• Profit-making activities
  • Research that has not been written by candidates will not be accepted.
  • Expenses unrelated to the research and the dissemination of its results

What is the selection process like?

Applicants must visit https://lideresform.lacnic.net/ and fill out the appropriate form, which will be fully processed and submitted online. Applications will be assessed following criteria pre-established by a Selection Committee made up by four regional IG representatives and two members of LACNIC’s staff. Two weeks after closing the call for applications, applicants will be notified about whether their applications have been selected or not. Selected applicants (hereinafter, “candidates”) shall be notified about who their assigned mentor will be. After that, they shall sign and send back an agreement together with their banking information to LACNIC in order to receive the funds. Candidates should schedule meetings with their mentors (subject to their availability/agreement) during the allotted three-month period. Candidates must submit a preliminary version of their project to their mentors so that the latter can assess the project’s development. After three months, candidates must submit their final project before the Selection Committee, which will review the project to ensure its consistency with the original plan described in their application and its quality. The Selection Committee will notify candidates about the approval of their projects. A two-week period of recommendations will follow. After their submission and approval, final projects will be uploaded to the LÍDERES Internet Governance Project Portal and periodic summaries of each author’s work will be provided.

The Selection Committee is made up by the corresponding program mentors. During the application process, applicants are expected to provide a brief overview of the issue at play (definition of the problem) as well as a summary of the approach they will take to conduct their research and the way they intend to capture and present their findings. Each successful applicant will be assigned a mentor, who will be an expert based in Latin America and the Caribbean involved in Internet governance. Each candidate will have access to ten (10) hours of mentorship to make preliminary questions, validate concepts about their research project, or simply ask for advice on how to capture and present their findings. Findings can be presented in a written publication, videos, animations, a series of digital brochures, podcast episodes and infographics, or an original format of the candidates’ choosing. The call for applications is expected to last one month and selected applicants are expected to complete their research projects in three (3) months. Project findings will be reviewed by the Selection Committee first and, after they are approved, they will be published on LACNIC’s website and promoted through LACNIC’s communication channels.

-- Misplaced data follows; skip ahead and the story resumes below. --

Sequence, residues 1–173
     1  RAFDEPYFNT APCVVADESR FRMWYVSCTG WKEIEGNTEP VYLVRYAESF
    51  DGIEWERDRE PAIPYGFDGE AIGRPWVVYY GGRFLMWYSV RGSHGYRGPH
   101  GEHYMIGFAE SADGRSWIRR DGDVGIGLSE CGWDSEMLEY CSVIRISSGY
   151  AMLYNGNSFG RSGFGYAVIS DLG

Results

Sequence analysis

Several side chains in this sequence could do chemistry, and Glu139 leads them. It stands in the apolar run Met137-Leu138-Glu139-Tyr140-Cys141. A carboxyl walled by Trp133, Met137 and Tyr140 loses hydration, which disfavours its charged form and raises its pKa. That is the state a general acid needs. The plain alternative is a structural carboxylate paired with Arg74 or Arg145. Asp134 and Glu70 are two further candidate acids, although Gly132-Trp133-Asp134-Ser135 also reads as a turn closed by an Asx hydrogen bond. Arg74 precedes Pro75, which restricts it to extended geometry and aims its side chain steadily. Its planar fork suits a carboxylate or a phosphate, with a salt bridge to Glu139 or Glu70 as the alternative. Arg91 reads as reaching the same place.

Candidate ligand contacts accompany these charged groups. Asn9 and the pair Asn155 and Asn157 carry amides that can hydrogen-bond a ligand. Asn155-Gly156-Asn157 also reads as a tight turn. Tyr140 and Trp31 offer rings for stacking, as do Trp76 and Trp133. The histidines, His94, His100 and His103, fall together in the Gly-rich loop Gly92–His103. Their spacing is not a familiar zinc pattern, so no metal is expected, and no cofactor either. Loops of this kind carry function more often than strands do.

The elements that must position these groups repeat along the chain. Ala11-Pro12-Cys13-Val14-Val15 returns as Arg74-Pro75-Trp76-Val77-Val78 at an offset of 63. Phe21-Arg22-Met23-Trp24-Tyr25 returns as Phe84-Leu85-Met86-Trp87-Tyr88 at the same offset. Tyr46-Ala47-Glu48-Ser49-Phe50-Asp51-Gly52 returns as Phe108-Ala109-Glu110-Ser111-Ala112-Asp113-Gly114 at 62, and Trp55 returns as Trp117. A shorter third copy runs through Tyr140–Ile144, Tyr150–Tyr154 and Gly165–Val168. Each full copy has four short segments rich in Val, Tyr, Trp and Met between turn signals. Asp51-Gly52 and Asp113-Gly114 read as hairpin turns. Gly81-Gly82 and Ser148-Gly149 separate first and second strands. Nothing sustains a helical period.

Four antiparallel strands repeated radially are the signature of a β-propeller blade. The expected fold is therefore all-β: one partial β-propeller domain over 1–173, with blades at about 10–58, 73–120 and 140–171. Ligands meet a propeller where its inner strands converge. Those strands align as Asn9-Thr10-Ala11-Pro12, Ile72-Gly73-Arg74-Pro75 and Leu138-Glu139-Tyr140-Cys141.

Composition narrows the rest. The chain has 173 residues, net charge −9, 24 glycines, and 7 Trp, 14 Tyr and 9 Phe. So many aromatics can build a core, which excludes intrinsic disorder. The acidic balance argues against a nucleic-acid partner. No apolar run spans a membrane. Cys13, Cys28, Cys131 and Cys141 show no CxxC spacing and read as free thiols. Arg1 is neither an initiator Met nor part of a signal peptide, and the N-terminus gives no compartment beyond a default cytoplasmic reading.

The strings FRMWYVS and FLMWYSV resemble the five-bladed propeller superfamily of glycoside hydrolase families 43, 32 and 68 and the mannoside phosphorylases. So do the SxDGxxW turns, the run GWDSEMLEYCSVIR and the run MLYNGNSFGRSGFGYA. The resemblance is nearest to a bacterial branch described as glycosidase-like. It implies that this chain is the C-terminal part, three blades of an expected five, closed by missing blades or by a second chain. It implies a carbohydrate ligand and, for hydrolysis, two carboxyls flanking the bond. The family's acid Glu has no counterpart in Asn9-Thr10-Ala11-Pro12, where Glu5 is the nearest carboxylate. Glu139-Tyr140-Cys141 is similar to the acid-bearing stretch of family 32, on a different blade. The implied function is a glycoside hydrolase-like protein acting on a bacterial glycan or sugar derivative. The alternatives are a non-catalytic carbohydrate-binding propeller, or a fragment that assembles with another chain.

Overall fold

Who are the members of the Selection Committee and future mentors?

The 2022 Selection Committee is made up by:

  • Raquel Gatto
  • Alejandra Erramuspe
  • Julián Casasbuenas
  • Claire Craig

What happens once final projects are submitted?

LACNIC will be in charge of publishing the authors’ work on LACNIC’s website. It will also release various communications (press releases, announcements, etc.) acknowledging their contributions to specific topics related to Internet governance in Latin America and the Caribbean. This activity aims at expanding the potential scope of interests and candidates’ research. However, LACNIC will not endorse or be responsible for the opinions expressed in each document.

Important dates

  • Call for applications opens on June 13
  • Call for applications closes on July 17
  • Proposal assessment by the Selection Committee: July 18-29
  • Disclosure of selected proposals: July 01-05
  • Research projects starting date: August 08
  • First partial submission of research projects before the Selection Committee: October 21
  • Final submission of research projects before the Selection Committee: November 7
  • Publication and promotion of projects in their source language: November 21-30